Reflections on Sobriety

Today I celebrate 8 years of recovery.

Some people are surprised when I tell them I’m sober. That I’m in recovery. They can’t imagine I was “like that” and wonder if I’m exaggerating or being dramatic. Their minds picture an obnoxious, tearful girl at the bar, that embarrassing scene at a cousin’s wedding, or their sister that can’t seem to get her shit together.

Like Brene Brown said, “I had a pretty high bottom.”

In the end, I was smoking pot every day, sometimes several times a day, drinking every night and totally out of integrity with my values - as a therapist, a partner and a mom. Yes, I was still going to work and tending to my responsibilities, but I was completely numb. “Spiritually bankrupt” as they say.

I was living in constant shame and isolation, all too eager to blame everyone else for my problems rather than take responsibility for myself. I put up a good enough front, but behind that mask, I was crumbling.

8 years ago today I attended my first meeting. Oh my god, it was so hard. Going. Staying. Going back again. Doing what was recommended. Detoxing. Not sleeping. All of it.

Talk about the fire of transformation.

Today, I haven’t smoked pot in 8 years. I’ve had some sips of my husband’s beer on a hot summer day, but I don’t order drinks or buy alcohol and treat it like it’s mine. Because it’s not for me. I understand now that I’m prone to over using anything that numbs the bad feelings - food, work, exercise, being online. I don’t need to add pot and alcohol to that list.

For me sobriety is a choice I make everyday. It’s a practice, a mindset. And I’m far from perfect.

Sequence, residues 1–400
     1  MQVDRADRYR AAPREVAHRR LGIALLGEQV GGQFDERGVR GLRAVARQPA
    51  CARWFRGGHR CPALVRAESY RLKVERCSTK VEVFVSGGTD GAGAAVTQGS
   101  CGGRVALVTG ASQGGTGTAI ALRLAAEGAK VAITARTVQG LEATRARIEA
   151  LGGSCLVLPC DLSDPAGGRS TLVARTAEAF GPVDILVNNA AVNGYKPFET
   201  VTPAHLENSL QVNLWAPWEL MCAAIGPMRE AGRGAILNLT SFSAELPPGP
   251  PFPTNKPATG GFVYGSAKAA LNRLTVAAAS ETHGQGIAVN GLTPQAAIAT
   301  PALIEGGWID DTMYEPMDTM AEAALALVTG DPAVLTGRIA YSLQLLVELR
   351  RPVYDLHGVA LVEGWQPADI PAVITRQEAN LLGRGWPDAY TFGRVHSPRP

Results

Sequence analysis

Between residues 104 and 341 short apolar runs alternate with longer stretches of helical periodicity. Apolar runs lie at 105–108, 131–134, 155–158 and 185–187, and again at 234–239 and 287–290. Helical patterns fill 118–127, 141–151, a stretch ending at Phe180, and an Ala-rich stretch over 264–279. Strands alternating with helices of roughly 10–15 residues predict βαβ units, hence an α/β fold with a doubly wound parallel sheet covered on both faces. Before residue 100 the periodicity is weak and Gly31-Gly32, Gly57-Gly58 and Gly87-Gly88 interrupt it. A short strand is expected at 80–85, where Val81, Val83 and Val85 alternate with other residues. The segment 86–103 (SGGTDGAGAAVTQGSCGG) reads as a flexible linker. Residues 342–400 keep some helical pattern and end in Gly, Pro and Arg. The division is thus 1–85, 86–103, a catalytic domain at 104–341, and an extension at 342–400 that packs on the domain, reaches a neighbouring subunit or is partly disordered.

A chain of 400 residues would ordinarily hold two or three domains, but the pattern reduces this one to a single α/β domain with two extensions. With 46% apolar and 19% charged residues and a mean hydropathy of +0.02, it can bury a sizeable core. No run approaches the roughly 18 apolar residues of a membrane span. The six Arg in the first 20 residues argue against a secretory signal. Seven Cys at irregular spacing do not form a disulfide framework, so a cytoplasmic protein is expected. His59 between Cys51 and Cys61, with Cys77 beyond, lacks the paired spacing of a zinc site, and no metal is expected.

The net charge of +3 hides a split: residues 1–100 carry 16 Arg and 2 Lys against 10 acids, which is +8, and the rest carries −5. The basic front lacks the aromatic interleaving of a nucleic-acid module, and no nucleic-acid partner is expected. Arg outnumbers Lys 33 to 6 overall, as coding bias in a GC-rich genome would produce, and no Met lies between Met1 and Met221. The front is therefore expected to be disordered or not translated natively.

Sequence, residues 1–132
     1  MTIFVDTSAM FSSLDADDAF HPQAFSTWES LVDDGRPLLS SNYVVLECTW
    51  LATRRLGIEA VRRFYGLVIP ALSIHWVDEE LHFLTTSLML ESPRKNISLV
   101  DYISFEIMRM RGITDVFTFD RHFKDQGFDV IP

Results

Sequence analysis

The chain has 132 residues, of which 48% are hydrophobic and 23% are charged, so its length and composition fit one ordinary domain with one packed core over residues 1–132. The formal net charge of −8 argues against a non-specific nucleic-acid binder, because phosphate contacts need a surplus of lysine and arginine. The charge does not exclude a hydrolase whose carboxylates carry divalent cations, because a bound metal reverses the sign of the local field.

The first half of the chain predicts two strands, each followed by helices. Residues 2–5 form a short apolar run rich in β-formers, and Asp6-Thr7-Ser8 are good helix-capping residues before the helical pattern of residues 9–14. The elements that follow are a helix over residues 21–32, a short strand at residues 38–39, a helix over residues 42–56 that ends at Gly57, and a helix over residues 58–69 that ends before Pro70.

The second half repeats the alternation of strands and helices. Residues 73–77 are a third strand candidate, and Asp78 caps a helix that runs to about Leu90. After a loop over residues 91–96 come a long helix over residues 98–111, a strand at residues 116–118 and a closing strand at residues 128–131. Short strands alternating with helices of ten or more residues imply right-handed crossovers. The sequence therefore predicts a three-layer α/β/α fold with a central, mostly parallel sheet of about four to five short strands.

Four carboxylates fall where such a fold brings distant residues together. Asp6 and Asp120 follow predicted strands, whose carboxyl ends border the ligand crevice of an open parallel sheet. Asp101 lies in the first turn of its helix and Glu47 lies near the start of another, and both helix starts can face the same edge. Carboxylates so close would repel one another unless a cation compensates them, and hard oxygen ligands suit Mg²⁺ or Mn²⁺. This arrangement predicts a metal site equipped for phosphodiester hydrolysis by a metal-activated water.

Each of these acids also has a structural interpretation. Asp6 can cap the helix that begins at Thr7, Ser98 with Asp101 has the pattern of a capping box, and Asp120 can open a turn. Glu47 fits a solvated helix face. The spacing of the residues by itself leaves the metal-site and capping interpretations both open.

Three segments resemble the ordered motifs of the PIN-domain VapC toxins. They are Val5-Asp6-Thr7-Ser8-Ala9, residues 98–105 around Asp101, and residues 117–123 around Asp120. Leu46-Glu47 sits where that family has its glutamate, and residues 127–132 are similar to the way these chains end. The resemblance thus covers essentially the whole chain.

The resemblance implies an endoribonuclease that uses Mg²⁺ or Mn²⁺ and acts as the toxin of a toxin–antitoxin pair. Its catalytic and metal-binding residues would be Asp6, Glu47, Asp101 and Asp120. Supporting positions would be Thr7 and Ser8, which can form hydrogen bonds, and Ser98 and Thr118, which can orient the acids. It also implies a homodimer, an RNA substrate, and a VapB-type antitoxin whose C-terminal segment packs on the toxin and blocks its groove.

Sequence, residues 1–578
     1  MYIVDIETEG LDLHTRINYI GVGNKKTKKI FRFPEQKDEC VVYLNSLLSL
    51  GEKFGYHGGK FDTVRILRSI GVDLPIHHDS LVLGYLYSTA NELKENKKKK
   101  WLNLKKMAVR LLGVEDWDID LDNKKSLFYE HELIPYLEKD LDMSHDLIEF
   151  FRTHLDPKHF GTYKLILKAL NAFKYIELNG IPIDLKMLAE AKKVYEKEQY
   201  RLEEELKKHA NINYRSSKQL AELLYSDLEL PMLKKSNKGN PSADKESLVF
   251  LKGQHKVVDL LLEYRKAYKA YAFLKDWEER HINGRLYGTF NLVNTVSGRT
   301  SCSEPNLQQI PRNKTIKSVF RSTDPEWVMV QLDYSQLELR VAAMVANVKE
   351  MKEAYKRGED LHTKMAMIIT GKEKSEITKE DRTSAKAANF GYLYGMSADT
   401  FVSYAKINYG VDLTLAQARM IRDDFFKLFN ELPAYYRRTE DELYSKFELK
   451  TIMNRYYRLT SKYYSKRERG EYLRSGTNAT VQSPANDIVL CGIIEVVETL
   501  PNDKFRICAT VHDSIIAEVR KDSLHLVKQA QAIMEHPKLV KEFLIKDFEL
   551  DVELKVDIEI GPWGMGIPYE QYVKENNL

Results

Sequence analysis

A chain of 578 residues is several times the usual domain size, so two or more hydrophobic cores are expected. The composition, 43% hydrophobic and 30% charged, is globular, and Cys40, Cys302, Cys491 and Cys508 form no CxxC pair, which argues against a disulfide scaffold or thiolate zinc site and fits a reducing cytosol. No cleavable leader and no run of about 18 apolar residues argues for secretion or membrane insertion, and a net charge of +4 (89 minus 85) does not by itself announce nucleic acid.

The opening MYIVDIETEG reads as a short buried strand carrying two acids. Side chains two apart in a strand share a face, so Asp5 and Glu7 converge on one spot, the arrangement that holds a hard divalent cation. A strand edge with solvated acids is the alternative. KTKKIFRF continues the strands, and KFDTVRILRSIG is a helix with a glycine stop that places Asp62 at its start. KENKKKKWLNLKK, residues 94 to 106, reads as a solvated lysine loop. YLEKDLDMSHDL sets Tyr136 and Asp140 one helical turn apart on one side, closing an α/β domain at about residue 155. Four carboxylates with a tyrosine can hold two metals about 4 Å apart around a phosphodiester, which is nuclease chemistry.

I still entertain fantasies about being able to smoke a joint around the campfire with friends, or get cozy with a Spanish coffee in the corner booth of a bar until I remember those are just fantasies. It was never like that for me. It was that and then two more drinks in secret and getting high again before getting into bed. I could never get altered enough and that’s what started to ruin me.

I work on my recovery everyday. I’ve learned tools that help me stay awake and accountable. I practice yoga. I have my spiritual life. I’ve established accountability with family and friends. I have meaningful work and a community of people who get me.

It’s not always easy - staying sober (marijuana and alcohol are EVERYWHERE), but I’ve come to understand that life isn’t easy in general. We all have our challenges and our demons. There’s so much pain and loss. For everyone.

But you can’t numb the pain without also numbing the joy.

That’s what I was missing toward the end. The joy of being alive. What started out fun turned into a mess. Sobriety helps me be more present - not only for the tough stuff, but for the magic and miracles as well. And that makes being sober today worth it.

In gratitude for all those who have gone before me, those who have supported me along the way, and those who help me be the person I am meant to be today.

And in service to those who will come behind, those who feel the longing to be truly alive and are ready to say, “Enough is enough. I choose joy.”